Rifleman Maughan was a young good spirited man, he was one of the best liked lads in the Platoon because of his friendly character. He was always in high spirits because of his job as Platoon sharpshooter and I am confident he would have been a fine sniper which was his aspiration.

“I truly count him as my friend, my heart breaks for his girlfriend and his son which he was so excited to see for the first time, but he never will. I will always remember the good banter between both me and him, but most of all I will remember him.”

Rifleman Christopher Handley, 5 Platoon, 3 RIFLES Battle Group said of him:

Rifleman Maughan always used to say “I’m better looking than you” I used to say this to him too, he would simply say “but you aren’t though are you?” Rest in Peace mate.

Rifleman Gavin Hardman, 5 Platoon, 3 RIFLES Battle Group, said:

We have lost a true warrior, friend and soldier. Maughan ‘princess’ you will be missed by us but never forgotten. Liam was a mans man and always up for a good laugh, he never shied away from a task, we have lost a great soldier.

Rifleman Lee Hodge, 5 Platoon, 3 RIFLES Battle Group, said:

I only knew Maughan for a short period of time but in that time he was always there if I needed help with anything and was always happy to do so. A true friend who will be sadly missed, sleep peacefully mate.

Rifleman Ian Pearson, 5 Platoon, 3 RIFLES Battle Group, said:

Maughan or princess as we called him was an awesome person who thought of the lads before himself. He will be missed loads; our thoughts go out to his family and child, RIP mate.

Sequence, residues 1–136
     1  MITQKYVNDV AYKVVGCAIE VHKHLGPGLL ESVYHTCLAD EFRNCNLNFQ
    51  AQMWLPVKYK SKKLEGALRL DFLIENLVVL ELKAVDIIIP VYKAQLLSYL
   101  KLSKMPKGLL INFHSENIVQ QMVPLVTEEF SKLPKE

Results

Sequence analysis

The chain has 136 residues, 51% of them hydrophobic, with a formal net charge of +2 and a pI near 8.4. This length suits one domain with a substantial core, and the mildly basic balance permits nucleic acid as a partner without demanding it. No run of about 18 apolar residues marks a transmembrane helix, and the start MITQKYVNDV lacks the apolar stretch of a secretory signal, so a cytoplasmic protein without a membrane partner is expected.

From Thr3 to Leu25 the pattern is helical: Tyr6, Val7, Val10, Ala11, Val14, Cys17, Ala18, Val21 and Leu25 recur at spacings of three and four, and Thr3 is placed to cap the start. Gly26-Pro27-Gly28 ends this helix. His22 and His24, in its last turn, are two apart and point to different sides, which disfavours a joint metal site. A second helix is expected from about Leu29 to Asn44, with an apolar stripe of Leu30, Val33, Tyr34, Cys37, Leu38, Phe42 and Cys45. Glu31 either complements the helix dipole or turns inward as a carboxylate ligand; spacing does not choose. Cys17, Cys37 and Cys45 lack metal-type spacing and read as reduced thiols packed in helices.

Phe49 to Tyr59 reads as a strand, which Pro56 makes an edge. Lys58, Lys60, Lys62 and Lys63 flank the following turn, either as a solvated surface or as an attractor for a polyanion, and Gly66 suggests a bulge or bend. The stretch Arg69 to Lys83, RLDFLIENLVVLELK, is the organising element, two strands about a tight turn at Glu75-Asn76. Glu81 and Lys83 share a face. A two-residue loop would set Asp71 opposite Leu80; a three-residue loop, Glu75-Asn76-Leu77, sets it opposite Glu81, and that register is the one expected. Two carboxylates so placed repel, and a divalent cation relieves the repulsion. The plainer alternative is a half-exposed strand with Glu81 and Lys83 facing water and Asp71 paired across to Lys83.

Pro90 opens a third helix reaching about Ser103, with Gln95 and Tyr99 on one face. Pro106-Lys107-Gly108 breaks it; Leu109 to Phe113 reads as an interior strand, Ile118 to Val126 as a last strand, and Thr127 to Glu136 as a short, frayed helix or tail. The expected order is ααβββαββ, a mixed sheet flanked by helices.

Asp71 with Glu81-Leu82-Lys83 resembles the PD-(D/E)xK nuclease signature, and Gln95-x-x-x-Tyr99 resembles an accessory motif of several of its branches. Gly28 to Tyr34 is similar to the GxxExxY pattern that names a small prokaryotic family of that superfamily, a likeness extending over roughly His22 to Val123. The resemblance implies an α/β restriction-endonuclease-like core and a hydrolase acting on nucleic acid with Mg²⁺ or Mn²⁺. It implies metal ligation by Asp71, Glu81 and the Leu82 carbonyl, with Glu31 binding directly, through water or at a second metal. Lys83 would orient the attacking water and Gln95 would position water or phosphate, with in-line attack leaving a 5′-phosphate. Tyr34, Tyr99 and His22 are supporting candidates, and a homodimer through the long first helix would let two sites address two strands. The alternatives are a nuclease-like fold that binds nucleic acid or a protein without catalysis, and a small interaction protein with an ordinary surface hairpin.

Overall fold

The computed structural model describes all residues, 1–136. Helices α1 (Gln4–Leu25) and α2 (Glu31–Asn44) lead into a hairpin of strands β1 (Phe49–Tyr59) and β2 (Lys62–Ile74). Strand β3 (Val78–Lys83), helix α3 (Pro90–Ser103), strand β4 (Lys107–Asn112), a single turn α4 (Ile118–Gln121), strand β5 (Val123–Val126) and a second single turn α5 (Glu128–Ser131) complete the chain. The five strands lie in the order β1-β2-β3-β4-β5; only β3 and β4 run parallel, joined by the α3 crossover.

Rifleman Robert Rees, 5 Platoon, 3 RIFLES Battle Group said:

Rifleman Maughan known as princess, when I first rocked up to the Battalion he was the first lad I had spoken to, I also shared a room with him. He was always full of laughter and had a heart of gold. My thoughts go out to his family and his fiancee and his new born son.

Rifleman Luke Slater, 5 Platoon, 3 RIFLES Battle Group, added:

Rifleman Maughan was a good lad. He was my room mate in Edinburgh and we always had a good laugh. Things we did were good fun and I’m going to miss not doing them things with him. He was a good soldier who took his job seriously. I send my greatest regards to his family because we have lost a great soldier they have lost a great son.

“Rest in Peace mate, obviously God needs you more.”

Secretary of State for Defence, Bob Ainsworth, said:

I was sorry to hear of the loss of Rifleman Liam Maughan. I understand that he was a calm and professional soldier who was a great asset to the Army.

“My condolences go out to his family and friends as they come to terms with their loss.”

Published 7 March 2010